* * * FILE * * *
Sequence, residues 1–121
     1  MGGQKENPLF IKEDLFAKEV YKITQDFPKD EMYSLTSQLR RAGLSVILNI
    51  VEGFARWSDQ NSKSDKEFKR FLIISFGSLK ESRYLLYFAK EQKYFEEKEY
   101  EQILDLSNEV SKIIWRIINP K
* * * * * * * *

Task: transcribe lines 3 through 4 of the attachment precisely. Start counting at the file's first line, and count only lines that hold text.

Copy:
    51  VEGFARWSDQ NSKSDKEFKR FLIISFGSLK ESRYLLYFAK EQKYFEEKEY
   101  EQILDLSNEV SKIIWRIINP K